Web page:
In January 2014, a three-foot meteor screamed through our atmosphere at the blistering speed of 134,200 mph and crash-landed somewhere in Papua New Guinea. Since then, the event has acquired mythic proportions, especially after American military officials confirmed that it almost certainly came from outside our solar system.

Avi Loeb, one of the most prominent alien hunters in recent years and a Harvard University astrophysicist, has been intent on proving that the Papua New Guinea meteor — technically called CNEOS 2014-01-08 — might actually be an alien spacecraft, so he recently organized an expedition to comb the ocean floor in the vicinity of the meteor's sighting for evidence.

So far, he's found tiny balls of glassed rock and metal, which some have dismissed as industrial waste. Undeterred by naysayers and flush with cash from an interested public, he told The Guardian in a new article that he's headed back again to Papua New Guinea in the spring to hopefully find bigger fragments of what he still thinks could have come from an alien probe.

"Then you can easily tell if it’s a rock or a technological gadget base," he told the newspaper in a wide-ranging interview. Presumably joking, he added that, "of course, if it’s a gadget, it would have screws, it would have perhaps buttons on it."

There's been an incredible amount of interest around Loeb's work, which attracted a Netflix crew who tagged along on an expedition he spearheaded earlier this year to Papua New Guinea, according to The Guardian.

And it's not just Loeb getting headlines on the search for extraterrestrial life. The year 2023 has been a bonanza for the alien crowd, with congressional hearings and a push to declassify documents about unidentified flying objects (another interest of Loeb, who's been working on a UFO-spotting system).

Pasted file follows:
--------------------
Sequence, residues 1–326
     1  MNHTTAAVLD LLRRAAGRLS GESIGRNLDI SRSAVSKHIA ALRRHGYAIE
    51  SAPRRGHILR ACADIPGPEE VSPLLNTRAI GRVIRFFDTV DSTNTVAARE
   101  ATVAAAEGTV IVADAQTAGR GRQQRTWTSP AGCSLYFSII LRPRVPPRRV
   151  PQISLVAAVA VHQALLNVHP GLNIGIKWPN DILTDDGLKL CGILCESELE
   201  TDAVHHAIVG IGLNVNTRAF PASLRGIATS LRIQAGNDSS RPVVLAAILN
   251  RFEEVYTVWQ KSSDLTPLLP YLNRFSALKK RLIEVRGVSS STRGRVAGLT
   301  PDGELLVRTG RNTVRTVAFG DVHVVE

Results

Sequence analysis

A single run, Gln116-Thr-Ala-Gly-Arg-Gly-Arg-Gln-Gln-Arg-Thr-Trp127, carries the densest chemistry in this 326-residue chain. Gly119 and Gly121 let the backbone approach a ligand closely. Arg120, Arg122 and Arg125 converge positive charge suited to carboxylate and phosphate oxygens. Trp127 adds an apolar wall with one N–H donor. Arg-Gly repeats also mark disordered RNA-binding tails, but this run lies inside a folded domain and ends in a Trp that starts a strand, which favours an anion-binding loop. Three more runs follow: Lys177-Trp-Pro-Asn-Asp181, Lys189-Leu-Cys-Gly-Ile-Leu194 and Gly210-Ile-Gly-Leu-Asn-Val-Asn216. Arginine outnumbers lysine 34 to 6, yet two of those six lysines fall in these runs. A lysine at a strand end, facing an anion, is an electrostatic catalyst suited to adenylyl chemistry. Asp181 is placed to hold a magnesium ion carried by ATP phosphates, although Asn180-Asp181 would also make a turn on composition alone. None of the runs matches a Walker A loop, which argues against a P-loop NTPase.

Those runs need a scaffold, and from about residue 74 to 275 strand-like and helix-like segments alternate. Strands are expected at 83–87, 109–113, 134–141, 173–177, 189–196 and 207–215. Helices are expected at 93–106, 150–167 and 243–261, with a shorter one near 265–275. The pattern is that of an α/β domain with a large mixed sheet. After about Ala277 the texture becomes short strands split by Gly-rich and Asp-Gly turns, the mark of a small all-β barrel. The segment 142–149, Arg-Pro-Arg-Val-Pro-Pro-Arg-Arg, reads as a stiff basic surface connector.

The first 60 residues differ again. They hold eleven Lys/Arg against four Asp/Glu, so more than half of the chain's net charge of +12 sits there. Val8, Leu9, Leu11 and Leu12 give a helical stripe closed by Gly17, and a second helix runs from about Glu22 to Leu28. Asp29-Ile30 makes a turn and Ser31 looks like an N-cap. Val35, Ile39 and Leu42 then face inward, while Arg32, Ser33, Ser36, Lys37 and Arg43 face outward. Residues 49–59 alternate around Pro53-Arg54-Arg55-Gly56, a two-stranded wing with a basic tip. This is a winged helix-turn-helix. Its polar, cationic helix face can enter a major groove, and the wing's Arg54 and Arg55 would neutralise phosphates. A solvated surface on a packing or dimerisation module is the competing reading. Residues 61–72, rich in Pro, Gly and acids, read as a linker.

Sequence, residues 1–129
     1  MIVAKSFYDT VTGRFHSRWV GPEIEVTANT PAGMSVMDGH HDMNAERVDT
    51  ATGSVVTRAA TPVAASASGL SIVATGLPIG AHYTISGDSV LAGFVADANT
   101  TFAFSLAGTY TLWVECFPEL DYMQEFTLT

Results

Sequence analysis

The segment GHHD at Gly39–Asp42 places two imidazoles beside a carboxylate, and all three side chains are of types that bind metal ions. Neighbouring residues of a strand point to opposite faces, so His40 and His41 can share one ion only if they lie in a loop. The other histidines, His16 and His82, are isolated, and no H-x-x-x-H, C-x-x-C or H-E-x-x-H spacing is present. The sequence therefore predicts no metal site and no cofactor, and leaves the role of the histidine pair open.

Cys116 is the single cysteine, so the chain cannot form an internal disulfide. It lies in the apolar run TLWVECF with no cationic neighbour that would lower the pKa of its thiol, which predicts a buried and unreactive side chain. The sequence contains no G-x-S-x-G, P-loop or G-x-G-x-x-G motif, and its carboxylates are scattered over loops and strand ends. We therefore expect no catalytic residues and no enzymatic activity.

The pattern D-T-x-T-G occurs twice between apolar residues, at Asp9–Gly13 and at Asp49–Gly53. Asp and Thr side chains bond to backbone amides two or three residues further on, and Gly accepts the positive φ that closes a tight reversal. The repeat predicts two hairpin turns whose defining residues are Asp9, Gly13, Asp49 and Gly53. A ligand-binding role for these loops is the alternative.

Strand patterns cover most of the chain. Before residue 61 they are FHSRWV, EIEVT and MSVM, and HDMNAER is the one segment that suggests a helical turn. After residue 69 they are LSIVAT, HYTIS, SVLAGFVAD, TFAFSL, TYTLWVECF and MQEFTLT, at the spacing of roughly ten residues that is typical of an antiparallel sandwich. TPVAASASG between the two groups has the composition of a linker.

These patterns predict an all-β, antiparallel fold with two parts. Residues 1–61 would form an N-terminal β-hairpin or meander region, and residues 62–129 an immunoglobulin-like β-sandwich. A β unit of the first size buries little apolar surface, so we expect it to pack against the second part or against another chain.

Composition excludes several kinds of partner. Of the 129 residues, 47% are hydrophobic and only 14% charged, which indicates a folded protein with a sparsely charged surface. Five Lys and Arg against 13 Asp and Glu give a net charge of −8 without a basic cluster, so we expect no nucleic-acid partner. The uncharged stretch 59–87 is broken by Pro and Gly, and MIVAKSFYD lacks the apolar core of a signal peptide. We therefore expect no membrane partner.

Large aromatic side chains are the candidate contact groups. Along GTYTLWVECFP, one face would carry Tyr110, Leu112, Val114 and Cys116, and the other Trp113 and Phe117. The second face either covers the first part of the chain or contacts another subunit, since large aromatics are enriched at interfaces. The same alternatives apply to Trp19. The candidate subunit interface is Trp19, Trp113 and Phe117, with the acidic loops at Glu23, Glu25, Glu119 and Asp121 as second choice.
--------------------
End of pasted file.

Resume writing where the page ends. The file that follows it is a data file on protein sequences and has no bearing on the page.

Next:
Loeb is one of the most prominent academics riding — or perhaps sometimes pushing — this wave of alien fandom, complete with his Harvard bonafides and his long track record of publishing more traditional scientific research. His distinguished curriculum vitae lends an air of imprimatur to what some think is a quixotic quest.

He has sometimes alienated more sober-minded colleagues with his search for non-terrestrial lifeforms or their tech, as well as with his penchant for spreading the word on his findings beyond the confines of peer-reviewed papers. These have taken the form of blogs, a Times Square advertisement, a best selling book, and a one-man show, according to The Guardian. And of course the Netflix crew that filmed him in Papua New Guinea.

What has Loeb convinced that the meteor in Papua New Guinea could be of alien origin? He told The Guardian that the meteor "did not burn up high above the Earth" is a sign that it could be made of "artificial" material.

"This object was faster than 95 percent of the stars near the Sun, relative to what is called the local standard," he said in the interview. "That’s what led me originally to suspect maybe it’s a spacecraft. It was able to maintain its integrity to very high stress. And so, we said it must be tougher than even iron meteorites."

Whatever Loeb finds in his next trip, it'll surely grab headlines — and we'll be watching.

More on Avi Loeb: Futurism's Interview With Avi Loeb

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